There are more than 150 Syrian refugees looking for a place to live in Saskatoon, according to the Open Door Society.

Executive Director Ali Abukar said that around 300 refugees have already arrived in the city, but half are living in temporary locations such as hotels. He said many of them have arrived in the past couple of weeks.

"We're doing all we can and are using different strategies to find those housing availability that's also affordable," Abukar said.

He added that hotels are just temporary living conditions for the moment, and they hope to get them into a house within two weeks. But there are many challenges.

"Sometimes it could be challenging if the family's composition is a bigger one with a lot of family members, and then you have the challenge of finding affordable and available housing for them," he said.

The federal government originally planned to have 800 newcomers from Syria calling the bridge city home. However, it's not clear how many refugees will ultimately end up in the city.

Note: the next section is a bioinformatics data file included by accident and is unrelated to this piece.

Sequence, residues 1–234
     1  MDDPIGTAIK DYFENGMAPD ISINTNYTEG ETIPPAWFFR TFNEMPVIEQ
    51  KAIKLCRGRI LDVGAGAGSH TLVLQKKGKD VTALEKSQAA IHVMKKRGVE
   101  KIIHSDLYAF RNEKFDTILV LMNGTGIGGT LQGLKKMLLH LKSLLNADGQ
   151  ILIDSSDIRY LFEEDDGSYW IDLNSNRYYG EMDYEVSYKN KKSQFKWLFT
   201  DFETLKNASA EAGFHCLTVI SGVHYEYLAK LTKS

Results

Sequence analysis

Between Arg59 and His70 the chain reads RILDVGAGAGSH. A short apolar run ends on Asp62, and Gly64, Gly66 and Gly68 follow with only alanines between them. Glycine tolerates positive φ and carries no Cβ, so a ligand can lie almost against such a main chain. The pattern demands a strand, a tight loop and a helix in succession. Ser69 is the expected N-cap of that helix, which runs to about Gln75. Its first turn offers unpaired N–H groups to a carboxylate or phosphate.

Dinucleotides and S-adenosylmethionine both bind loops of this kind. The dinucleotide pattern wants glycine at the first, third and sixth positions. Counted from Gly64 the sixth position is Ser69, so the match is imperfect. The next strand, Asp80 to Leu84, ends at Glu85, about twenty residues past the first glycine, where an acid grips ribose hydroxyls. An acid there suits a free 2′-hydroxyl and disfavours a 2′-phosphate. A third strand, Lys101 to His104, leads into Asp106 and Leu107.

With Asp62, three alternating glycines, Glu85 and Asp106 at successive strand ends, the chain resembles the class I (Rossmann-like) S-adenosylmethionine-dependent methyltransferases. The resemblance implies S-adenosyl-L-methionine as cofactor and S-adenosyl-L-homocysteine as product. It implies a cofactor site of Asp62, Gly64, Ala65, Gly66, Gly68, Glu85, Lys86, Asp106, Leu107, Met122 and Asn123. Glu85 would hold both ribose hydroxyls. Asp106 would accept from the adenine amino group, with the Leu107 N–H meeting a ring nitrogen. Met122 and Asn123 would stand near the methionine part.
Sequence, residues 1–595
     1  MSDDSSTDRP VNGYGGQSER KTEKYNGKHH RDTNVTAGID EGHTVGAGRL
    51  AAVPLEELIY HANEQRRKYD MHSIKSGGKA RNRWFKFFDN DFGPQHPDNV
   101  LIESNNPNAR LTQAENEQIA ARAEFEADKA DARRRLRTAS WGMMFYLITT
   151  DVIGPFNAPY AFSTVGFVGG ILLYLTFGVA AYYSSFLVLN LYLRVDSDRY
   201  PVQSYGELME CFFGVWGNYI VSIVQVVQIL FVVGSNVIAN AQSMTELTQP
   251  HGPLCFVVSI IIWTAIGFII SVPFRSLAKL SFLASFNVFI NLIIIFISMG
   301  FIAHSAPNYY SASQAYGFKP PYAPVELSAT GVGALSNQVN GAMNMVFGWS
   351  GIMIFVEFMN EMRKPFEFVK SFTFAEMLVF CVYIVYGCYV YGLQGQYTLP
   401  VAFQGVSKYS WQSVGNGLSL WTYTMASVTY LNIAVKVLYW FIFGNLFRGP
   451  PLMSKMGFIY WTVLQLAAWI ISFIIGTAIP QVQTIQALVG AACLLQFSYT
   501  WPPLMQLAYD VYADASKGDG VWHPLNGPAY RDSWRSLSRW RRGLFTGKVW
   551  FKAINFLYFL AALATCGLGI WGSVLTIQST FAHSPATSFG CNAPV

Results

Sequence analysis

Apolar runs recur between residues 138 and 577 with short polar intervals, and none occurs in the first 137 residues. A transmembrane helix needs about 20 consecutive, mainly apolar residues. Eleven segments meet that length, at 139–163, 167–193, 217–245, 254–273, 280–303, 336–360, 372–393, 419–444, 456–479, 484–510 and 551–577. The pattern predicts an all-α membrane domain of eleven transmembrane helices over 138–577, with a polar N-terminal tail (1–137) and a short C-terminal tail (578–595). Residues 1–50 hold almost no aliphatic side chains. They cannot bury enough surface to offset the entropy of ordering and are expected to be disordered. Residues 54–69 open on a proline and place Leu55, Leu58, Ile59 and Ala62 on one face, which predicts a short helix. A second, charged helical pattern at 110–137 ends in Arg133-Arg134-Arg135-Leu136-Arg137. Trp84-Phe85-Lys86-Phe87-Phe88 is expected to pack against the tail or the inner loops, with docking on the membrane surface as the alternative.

Ali Abukar

Ali Abukar, executive director of the Saskatoon Open Door Society, says more than 150 Syrian refugees are looking for a place to live. (Victoria Dinh/CBC)

Finding a home is just the beginning of getting refugees settled and the Global Gathering Place is tasked with teaching many people the necessary life skills.

"It's not that people are coming with no skills, it's how do you do it here?" Community Relations Manager Lori Steward said.

Refugees will need to know places to get groceries and how to ride the bus. Even though the winter has felt mild to most, they will also have to learn how to adapt to Saskatchewan's drastic weather when it changes.

Steward added that the Global Gathering Place has also established a refugee health clinic.

"[It] is providing initial assessments to all refugee families, so an assessment with a doctor, lab work, any radiology that needs to be done," she said.

While there is increasing pressure on many of the people trying to make the transition smooth for refugees, Steward is confident the infrastructure is in place.

"They're coming and they will receive support from agencies that are out here and it's good," she said. "It will be ok."